Weight: 206 pounds
School: Jacksonville State Gamecocks
Combine Performance Data
40-yard dash: 4.56 seconds
Vertical jump: 40.5 inches
Broad jump: 10 feet 2 inches
Three-cone drill 7 seconds
20-yard shuttle: 4.28 seconds
Siran Neal 2018 Draft Profile
The family is an integral part of this young man’s life, and he has a large one. Siran Neal has six sisters, one brother, and twin daughters of his own. These folks are undoubtedly proud of his accomplishments and excited about what the future has in store.
The 2018 draft class has a bevy of talented defensive backs, most from power conferences. Neal, however, hails from lesser known Jacksonville State of the Ohio Valley Conference. He didn’t get much national television coverage, but he found his way to the Senior Bowl and the NFL Combine anyway.
Neal played his high school ball in Alabama, where he was an all-state wide receiver in both 2011 and 2012. Once he arrived at Jacksonville State, coaches decided he would be better suited to play defensive back. Neal accepted his new role with enthusiasm. NFL Network draft analyst Bucky Brooks encourages young receivers to consider such a move.
“There’s a shortage of cornerback talent due to the obsession with touching the ball on offense,” Brooks remarked. He went on to point out “If you’re 6’0″ at wide receiver, you’re just another guy. If you’re that height at cornerback with movement skills, you are viewed as special.”
Jack of All Trades
During his time at Jacksonville State, Neal got experience playing safety, slot corner, boundary corner, and even linebacker. Coaches described his position as “nickel sam” because of its fluidity. As a freshman, Neal didn’t get on the field a whole lot. He managed 32 tackles on the season and had a solid playoff performance against Sam Houston State. In that game, he racked up a team-high ten tackles, seven of them solo takedowns.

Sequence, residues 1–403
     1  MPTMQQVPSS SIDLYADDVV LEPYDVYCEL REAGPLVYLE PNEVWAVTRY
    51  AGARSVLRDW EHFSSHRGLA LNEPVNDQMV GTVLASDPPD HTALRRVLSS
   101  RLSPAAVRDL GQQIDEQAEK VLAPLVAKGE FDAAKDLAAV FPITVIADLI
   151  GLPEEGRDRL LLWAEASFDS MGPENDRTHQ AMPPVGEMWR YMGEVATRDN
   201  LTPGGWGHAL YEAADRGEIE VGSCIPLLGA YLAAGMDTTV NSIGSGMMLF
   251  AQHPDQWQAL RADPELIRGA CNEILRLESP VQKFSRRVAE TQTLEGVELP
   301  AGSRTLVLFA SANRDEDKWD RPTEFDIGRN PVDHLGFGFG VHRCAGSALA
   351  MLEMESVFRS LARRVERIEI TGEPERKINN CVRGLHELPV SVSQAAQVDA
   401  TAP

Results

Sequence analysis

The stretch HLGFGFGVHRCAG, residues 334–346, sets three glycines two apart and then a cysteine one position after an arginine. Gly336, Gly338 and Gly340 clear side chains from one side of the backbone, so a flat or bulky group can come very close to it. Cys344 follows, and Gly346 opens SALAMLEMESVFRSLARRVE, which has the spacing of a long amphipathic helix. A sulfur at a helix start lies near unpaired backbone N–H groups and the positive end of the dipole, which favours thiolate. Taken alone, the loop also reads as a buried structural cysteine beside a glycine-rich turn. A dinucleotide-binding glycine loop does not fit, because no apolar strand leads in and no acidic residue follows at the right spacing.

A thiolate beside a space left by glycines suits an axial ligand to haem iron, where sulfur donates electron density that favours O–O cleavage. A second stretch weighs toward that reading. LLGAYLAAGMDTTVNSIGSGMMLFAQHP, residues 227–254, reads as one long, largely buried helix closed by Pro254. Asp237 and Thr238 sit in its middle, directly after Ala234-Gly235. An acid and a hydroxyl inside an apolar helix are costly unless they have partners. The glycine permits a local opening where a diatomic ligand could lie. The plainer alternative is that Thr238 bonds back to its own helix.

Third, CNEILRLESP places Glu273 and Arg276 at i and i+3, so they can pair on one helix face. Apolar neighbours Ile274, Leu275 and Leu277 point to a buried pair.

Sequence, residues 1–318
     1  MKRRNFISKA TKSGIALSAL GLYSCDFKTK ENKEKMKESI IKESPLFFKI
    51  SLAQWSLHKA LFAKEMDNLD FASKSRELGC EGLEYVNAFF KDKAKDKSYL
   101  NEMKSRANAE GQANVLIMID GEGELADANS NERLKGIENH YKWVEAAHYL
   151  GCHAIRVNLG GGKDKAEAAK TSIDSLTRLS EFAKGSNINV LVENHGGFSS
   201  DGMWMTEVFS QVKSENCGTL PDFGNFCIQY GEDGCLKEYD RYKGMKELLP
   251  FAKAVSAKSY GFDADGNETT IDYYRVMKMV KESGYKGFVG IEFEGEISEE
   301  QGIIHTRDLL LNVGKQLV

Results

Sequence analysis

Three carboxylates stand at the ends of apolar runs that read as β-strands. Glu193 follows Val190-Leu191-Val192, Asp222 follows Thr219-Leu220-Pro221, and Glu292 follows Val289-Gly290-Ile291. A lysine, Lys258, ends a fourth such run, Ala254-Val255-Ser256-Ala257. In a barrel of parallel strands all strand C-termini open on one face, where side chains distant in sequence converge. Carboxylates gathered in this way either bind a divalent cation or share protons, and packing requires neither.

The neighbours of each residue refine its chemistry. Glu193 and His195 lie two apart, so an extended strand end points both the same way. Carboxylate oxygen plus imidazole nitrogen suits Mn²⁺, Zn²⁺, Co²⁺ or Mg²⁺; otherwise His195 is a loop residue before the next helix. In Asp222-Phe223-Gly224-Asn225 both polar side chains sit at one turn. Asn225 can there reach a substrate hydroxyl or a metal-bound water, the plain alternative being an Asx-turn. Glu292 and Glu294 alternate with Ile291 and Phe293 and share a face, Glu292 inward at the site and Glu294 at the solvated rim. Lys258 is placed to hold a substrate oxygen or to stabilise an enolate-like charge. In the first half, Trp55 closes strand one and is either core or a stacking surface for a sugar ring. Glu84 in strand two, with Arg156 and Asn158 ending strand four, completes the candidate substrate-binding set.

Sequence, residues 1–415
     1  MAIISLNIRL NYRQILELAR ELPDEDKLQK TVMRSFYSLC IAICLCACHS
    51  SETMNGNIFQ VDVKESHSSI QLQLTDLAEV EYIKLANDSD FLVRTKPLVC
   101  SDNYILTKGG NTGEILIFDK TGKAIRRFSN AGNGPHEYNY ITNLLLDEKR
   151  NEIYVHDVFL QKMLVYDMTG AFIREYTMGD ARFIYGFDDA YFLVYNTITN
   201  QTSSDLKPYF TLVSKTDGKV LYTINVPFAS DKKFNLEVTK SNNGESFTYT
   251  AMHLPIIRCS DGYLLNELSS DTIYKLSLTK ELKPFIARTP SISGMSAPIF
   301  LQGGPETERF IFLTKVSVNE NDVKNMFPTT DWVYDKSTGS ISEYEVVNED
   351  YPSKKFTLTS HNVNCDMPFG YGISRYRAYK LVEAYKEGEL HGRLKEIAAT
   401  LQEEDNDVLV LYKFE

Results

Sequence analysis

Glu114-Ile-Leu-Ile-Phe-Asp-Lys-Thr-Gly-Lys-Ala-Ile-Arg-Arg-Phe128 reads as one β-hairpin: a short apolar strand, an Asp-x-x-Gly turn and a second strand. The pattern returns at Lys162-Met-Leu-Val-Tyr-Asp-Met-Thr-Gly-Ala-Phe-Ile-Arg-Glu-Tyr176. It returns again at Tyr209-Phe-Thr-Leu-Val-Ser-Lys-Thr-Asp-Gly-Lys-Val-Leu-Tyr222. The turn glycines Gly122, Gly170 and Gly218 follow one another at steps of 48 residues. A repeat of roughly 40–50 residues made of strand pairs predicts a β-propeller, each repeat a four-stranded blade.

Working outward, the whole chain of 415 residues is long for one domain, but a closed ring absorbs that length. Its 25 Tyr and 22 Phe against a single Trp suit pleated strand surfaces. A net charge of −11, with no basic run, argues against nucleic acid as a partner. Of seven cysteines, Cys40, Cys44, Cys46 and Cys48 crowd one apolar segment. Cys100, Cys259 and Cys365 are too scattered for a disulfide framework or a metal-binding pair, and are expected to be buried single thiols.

As a sophomore, Siran Neal played in every game and even started versus Murray State. He was beginning to make an impact in games and showcase his skills. The young prospect showed an ability to play press coverage and wrap up the ball carrier. Coaches noticed his proficiency at the line of scrimmage, and he was moved to linebacker for the 2016 season. Neal was all over the field as a junior. He finished the year with 11.5 of his 80 tackles resulting in lost yardage, along with an interception.
By the time his senior season rolled around, it was clear Siran Neal had NFL potential. In an effort to make him more of a complete defender, Neal was moved again. For the 2017 season, he would function as a press corner. Once more, he was up to the task as evidenced by 39 stops and a team-high 11 pass breakups. Earning an invite to the Senior Bowl put Siran Neal firmly on the NFL’s radar.
- Experienced at safety, corner, and linebacker;
- Plays the line of scrimmage effectively;
- Quickly diagnoses the play and immediately shifts to give run support when needed;
- Big hitter for his size, effective wrap-up tackler who drives through his target;
- Able to high point the ball and battle with receivers for it;
- Physical at the release point to effectively disrupt timing routes;
- Stays with his man downfield and isn’t afraid to crowd him;
- Possesses the lateral movement to adjust or give help in zone coverage.
- Tends to grab if he’s beaten off the line;
- Struggles against quick release and inside slants;
- Recognizes a run play quickly, but almost never able to jump routes;
- Lateral movement in man coverage is a little sloppy;
- Doesn’t display exceptional instincts;
- Lack of experience at corner and safety because of all the positional changes.
NFL Comparison: Eric Rowe
Projected Round: Late fourth – early fifth round
Siran Neal could be a great value in the later rounds. Where he ultimately lines up is scheme dependent. Expect to see him around the line of scrimmage giving run support. His willingness to grab a jersey when he’s beaten makes him a penalty risk, but that can be fixed by proper coaching.
There are some holes in his coverage game, but Neal can be an effective backup or nickel corner out of the gate. He hasn’t developed the ball skills to play high safety at the next level, but he would match up well against tight ends. His play recognition and tackling prowess makes him valuable to any team in need of a defensive back, especially considering the draft capital it will take to acquire him.